Morocco-Canada FTA – investment at the price of trade deficit

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L’Économiste | 2012/07/23

This is a free translation by Anoosha Boralessa (May 2015). Not reviewed or revised by bilaterals.org or any other organization or person

Morocco-Canada FTA – investment at the price of trade deficit

Author: Ayoub NAÏM

- Hardly any visible trade benefits
- A very similar scheme to the Morocco – US FTA

If Morocco signs the FTA with Canada, it will become the first African country to enter into a free trade agreement with Canada; it will also develop its list, already substantial, of preferential free trade agreements.

The free trade agreements that Morocco has signed multiply and the country does not seem to want to confine itself to its current list of FTAs. After the European Union, the Arab nations, the United States, Turkey… now it’s Canada’s turn, the 13th global importer. Canada, the US and Mexico are all parties to NAFTA, one of the most dynamic free trade areas in the world. Theoretically there is substantial room for Moroccan products, notably fresh or dried citruses, textile articles, shoes and leather articles. These are the bread and butter of our exports to Canada. But there is no need to pull the wool over our eyes:

“if Morocco signs this agreement, it is primarily to woo foreign investors.”

So declared Jawad El Kerdoudi, President of the Moroccan Institute for International Relations.

It is necessary to skim over our exchanges with Canada to understand that they are still very limited and, importantly, barely diversified. The agreement that is being negotiated takes place in a similar context to the one that links Morocco to the United States. Small gains as far as trade goes, but very big stakes where investments are concerned. Canadian investors are solicited throughout the world and there is no doubt that a Sub-Saharan Africa presence is inevitable.

If this agreement is signed, Morocco will become Canada’s point of entry to these countries. It could therefore benefit from the presence of big international actors in technical domains such as new IT technologies, electronics, electricity and hydro electricity – these are some sectors where Canada has recognized expertise.

Just like the US FTA, the Canada FTA had to institute and reaffirm, a few ground rules.

“ At issue are assurances for the repatriation of profits, compensation without discrimination in the event of an expropriation, abolition of double taxation and the opportunity to have recourse to arbitration in the case of a dispute.”

So forecast the President of the Moroccan Institute for International Relations.

Another very sensitive subject for Anglo Saxons: intellectual and trade property. This point will certainly have a preponderant place among the treaty provisions. On the other hand, if you take a purely commercial approach, factoring in the asymmetry between our two economies, for sure, Canada will profit more than Morocco. According to the most recent statistics on foreign trade, our trade deficit with Canada was 2.5 billion DH in 2011.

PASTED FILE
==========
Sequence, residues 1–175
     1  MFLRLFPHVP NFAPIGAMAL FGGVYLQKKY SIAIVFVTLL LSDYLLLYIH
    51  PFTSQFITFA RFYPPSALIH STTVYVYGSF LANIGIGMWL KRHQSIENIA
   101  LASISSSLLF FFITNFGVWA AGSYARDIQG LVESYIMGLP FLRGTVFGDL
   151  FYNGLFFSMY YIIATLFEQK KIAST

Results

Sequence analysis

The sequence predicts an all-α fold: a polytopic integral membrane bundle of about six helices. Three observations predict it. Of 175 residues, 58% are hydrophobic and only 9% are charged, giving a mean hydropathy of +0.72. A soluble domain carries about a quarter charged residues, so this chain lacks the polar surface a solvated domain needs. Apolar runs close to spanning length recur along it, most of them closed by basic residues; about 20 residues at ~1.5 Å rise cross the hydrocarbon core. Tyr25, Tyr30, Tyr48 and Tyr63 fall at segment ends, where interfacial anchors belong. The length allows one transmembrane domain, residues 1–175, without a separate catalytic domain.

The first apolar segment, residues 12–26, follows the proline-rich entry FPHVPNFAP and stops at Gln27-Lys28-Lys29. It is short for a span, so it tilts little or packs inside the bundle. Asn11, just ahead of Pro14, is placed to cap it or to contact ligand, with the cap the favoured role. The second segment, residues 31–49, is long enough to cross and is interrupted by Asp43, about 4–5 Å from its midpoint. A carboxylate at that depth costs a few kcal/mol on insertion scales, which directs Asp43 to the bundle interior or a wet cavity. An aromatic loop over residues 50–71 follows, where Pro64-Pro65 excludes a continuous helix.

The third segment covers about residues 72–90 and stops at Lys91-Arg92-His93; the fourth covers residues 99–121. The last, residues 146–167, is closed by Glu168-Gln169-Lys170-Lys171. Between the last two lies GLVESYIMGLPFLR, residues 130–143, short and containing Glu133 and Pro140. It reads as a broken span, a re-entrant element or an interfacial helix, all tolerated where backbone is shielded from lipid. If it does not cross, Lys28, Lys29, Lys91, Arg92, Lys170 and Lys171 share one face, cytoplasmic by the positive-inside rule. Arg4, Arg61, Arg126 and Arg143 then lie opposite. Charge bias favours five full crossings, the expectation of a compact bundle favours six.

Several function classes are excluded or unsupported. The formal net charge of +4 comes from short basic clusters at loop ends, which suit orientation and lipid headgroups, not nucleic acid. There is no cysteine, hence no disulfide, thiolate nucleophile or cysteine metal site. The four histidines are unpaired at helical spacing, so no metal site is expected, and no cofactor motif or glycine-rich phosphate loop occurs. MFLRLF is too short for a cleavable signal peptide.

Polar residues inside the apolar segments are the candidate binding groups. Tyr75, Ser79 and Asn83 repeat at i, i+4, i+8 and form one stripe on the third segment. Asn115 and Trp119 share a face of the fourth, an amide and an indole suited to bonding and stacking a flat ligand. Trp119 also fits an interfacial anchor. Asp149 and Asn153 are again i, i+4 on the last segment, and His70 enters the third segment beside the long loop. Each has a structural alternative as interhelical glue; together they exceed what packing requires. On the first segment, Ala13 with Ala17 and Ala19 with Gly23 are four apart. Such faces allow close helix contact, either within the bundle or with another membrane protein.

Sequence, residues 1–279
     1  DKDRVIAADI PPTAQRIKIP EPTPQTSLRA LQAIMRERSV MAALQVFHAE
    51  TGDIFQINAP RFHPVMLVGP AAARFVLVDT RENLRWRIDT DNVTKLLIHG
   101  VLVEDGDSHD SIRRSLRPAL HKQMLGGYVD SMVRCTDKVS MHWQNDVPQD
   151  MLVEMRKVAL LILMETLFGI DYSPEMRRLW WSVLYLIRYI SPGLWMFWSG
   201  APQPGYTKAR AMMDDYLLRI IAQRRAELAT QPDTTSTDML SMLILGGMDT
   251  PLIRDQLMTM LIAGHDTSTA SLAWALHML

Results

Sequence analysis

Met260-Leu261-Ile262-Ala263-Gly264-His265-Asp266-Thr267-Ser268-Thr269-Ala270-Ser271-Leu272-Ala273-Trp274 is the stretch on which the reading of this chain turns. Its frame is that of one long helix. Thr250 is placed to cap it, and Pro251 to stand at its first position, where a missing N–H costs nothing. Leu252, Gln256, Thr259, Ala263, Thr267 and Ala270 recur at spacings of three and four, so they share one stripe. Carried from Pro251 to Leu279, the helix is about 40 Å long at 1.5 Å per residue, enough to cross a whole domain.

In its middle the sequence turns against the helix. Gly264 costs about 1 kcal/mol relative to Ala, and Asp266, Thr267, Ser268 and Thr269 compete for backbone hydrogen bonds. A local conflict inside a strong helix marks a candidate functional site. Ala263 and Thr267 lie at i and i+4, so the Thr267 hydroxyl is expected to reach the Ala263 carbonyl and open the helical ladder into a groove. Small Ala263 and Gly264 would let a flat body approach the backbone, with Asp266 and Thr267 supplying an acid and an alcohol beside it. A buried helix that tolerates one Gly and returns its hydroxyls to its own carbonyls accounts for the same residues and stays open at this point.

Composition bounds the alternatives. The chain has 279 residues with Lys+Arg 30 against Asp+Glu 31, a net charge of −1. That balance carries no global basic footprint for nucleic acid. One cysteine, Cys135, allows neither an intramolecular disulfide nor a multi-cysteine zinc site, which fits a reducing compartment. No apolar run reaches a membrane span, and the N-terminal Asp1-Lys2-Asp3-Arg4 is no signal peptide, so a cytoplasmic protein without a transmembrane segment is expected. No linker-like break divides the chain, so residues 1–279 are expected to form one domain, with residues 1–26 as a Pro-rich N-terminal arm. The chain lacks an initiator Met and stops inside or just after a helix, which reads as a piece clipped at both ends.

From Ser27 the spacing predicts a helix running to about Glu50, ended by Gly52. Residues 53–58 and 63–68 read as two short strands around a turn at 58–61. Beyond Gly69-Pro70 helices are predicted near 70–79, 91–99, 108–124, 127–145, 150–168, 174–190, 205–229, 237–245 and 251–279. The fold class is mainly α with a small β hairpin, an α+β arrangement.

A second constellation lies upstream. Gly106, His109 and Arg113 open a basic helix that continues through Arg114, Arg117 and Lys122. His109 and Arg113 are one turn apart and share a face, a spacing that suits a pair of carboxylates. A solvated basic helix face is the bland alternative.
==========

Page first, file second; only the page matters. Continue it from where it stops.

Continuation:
Our exportable offer to Canada is focused on citruses. At the end of 2011, these reached the equivalent of 236 millions DH in exports. According to the professionals, the situation does not risk improving when the Canada-Morocco FTA enters into force. Even our flagship product will not be able to offset the balance.

“market capacity is limited to fruits, mainly clementines. Today the market is saturated.”

So stressed M’hamed Loultiti, the President of Maroc-Citrus.

In this scheme, Morocco cannot yet compete with other varieties of citruses on the Canadian market, notably Californian oranges which almost have a monopoly. This is all the more so since the long distance requires that agricultural products undergo a special treatment.

“ The transition time is too long. We have to abandon all hope of seeing products as fragile as the Moroccan tomato sold on the Canadian market” emphasized Loultiti.

On the other hand, no limits have been placed on seeing Canadian durum wheat from winning new positions on the Moroccan market (Canada is the no. 1 provider of durum wheat in the world). Ahmed Ouayach, the president of Comader, “does not think this is anything to get excited about because it responds to an important local need.” On the other hand, prudence is advised for other agricultural products. Ouayach warns:

“the conditions for treatment for other agricultural products will have to be handled with the utmost care by Moroccan negotiators. This is especially so where protection systems and quotas are granted.”

In this regard, it is emphasized that Morocco signs up to the approach of a “positive list” accompanied with a clause of “rendez-vous”. In contrast, Canada proposes that when the agreement enters into force, all agricultural products are submitted to a scheme of progressive tariff dismantling.

The pharmaceutical industry trembles

Pharmaceutical manufacturers are also concerned by the future agreement. Morocco’s fourth biggest import from Canada is medicine.

“An open position vis-à-vis the pharmaceutical products that can be imported does not satisfy us. It would be an important risk for the national industry.”

So affirms Abdelghani Guermaii, president of the Moroccan Association for Pharmaceutical Industry (AMIP). However, the laboratories are aware that for certain therapeutic classes, they will be able to benefit from Canadian expertise.

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source: L’Economiste